Focusing on ‘extortionate’ room rates could damage Irish tourism, say hoteliers

Tim Fenn of the Irish Hotels Federation said that Dublin does not have a large enough supply of hotel rooms.
Focusing on ‘extortionate’ room rates could damage Irish tourism, say hoteliers

By Gráinne Ní Aodha, PA

Focusing on the high rates of the last available hotel rooms could do reputational damage to Ireland’s tourism industry, hotelier representatives have told a committee.

Tim Fenn, CEO of the Irish Hotels Federation, told the Oireachtas Committee on Tourism, Culture, Arts, Sport and Media that there was a need to grow the supply of hotels in Dublin.

“The key challenge for us is that at the moment, Dublin doesn’t have enough supply. Dublin is a really, really attractive city. There’s great value in Dublin.

“But the problem is, is we’ve come to a stage where there’s going to be nights, particularly for maybe some of these football matches, some of these big concerts, where Dublin hasn’t got the capacity to deal with it,” he said.


TD Christopher O’Sullivan and Senator Malcolm Byrne said that they did not accept the high hotel prices was down to a lack of supply.

When asked by O’Sullivan whether extortionate prices in Dublin are doing reputational damage to the rest of the country, Mr Fenn said: “The focus on the last available rates is very risky, because that in itself creates reputational damage.”

Eoghan O’Mara Walsh, CEO of the Irish Tourism Industry Confederation, said that some of the hotel prices cited by committee members were too high, but were not reflective of the average hotel price.

“I think they are excessive, I wouldn’t be purchasing them. But I don’t think they’re reflective of the wider industry.

“It’s interesting when you said you looked online and found six properties tonight in Dublin, there’s possibly 22,000 bedrooms in Dublin.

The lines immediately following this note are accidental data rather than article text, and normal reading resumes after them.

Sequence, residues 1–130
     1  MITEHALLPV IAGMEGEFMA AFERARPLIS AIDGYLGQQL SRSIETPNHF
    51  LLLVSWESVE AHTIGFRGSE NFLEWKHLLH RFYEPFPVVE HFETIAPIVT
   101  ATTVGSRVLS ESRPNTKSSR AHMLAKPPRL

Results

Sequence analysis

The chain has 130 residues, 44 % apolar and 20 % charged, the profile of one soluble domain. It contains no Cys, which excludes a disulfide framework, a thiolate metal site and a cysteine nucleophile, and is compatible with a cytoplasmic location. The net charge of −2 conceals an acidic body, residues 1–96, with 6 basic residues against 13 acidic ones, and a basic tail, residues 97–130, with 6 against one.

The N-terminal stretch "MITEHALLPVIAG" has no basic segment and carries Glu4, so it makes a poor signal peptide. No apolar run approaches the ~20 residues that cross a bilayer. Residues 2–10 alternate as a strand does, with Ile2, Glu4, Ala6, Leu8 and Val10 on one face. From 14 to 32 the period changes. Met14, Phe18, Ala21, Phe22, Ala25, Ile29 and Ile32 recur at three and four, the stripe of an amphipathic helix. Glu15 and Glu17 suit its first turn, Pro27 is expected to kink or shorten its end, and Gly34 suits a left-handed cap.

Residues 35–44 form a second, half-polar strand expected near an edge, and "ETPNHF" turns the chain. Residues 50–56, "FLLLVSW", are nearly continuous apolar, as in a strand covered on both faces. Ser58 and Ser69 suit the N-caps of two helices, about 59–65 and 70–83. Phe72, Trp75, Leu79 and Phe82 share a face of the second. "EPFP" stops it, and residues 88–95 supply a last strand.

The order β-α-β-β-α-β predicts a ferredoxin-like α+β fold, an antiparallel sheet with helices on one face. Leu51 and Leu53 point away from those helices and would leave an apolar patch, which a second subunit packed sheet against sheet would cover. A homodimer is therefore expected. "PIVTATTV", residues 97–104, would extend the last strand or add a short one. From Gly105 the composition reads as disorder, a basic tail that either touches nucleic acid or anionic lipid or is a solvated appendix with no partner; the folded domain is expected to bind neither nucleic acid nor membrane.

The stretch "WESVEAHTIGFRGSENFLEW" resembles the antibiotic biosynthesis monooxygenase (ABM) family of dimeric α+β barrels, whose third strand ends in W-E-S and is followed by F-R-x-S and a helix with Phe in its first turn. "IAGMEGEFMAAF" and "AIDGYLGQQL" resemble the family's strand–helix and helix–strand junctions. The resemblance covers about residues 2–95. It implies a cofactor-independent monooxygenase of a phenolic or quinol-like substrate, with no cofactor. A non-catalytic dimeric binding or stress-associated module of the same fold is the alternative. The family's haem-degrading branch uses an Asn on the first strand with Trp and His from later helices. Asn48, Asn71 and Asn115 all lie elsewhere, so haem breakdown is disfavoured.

“Which I think is a sign that Dublin is full tonight,” he said.

The committee heard that pent-up demand post-pandemic, deferred bookings, and consumer savings have contributed to a surge in demand for tourism services.

Mr Fenn said that there is “significant value” across Irish hotels, and said that “the challenge we have is a lack of supply”.

“The challenge we have is that because there’s a lack of supply, when you get down to those last few rooms, they’re going to cost a lot more than you might want.

“We’re hoping that by the end of 2024 there might be another 5,000 rooms coming into the market, and maybe more again. But that’s the real issue here.”

Denyse Campbell, President of the Irish Hotels Federation, said that “pent up demand is huge”, and that the issue was there is a “total lack of supply”.

“As we approached June 2022, we had 80 per cent of business done. So 80 per cent of 44 hotels in Dublin.

“In 2019, that was 65 per cent. So already there’s pressure on the capacity in Dublin.”

The committee also heard that 45 per cent of the tour bus are bookings that were made and deferred from 2020 and 2021.

Sinn Féin TD Imelda Munster said Dublin was charging “extortionate” “rip-off” hotel room rates compared to other European cities.

She said that the cheapest room for one night on the second week in July in Dublin was for €379 with no breakfast. This compares to a four-star hotel in Madrid at €120, four-star in Lisbon at €141, Paris was €147 and Amsterdam was €141.

“You’re going to drive people out. The huge reputational damage that you’re doing to this country as a value for money destination is vast. You’re not thinking in the long term.

“And domestic tourism that did support you, when you were pleading for help and support, they’re not going to forget.”

Senator Micheál Carrigy suggested that legislation might be needed to prevent prices from being increased when big events are on in the capital city.

“If a hotel bed on a Saturday night in September is €150 for a night and then Bruce Springsteen announces a concert, and that bed then goes to €350, that’s not right.

“And maybe we need to look at legislation that will stop that.”

Fine Gael TD Brendan Griffin criticised high prices for car rentals as “economic treason”.

“I think at this stage it has got so bad that we’re going to have to do the equivalent of AirBnB for car rental,” he said.

The committee heard that an average of 40% of Ireland’s annual holiday visitors need cars to get around the country, and that high car-rental prices would be “detrimental” to the revival of the tourism sector post-pandemic.

Paul Kelly, CEO of Fáilte Ireland, told the committee that this was what he was “most worried about”.

He said that high VAT and VRT rates are making the car rental model “exceptionally more expensive”, and that the industry has fed back to him that if there is not a change in that tax model, “it’s still not going to be economical for car rental companies to significantly increase their seasonal stock”.

“We’re in incredibly uncertain times, and although it’s looking rosy now for the next few months, there’s a lot of concern around quarter four this year, a lot of concern around next year’s bookings because it’s just so uncertain.”

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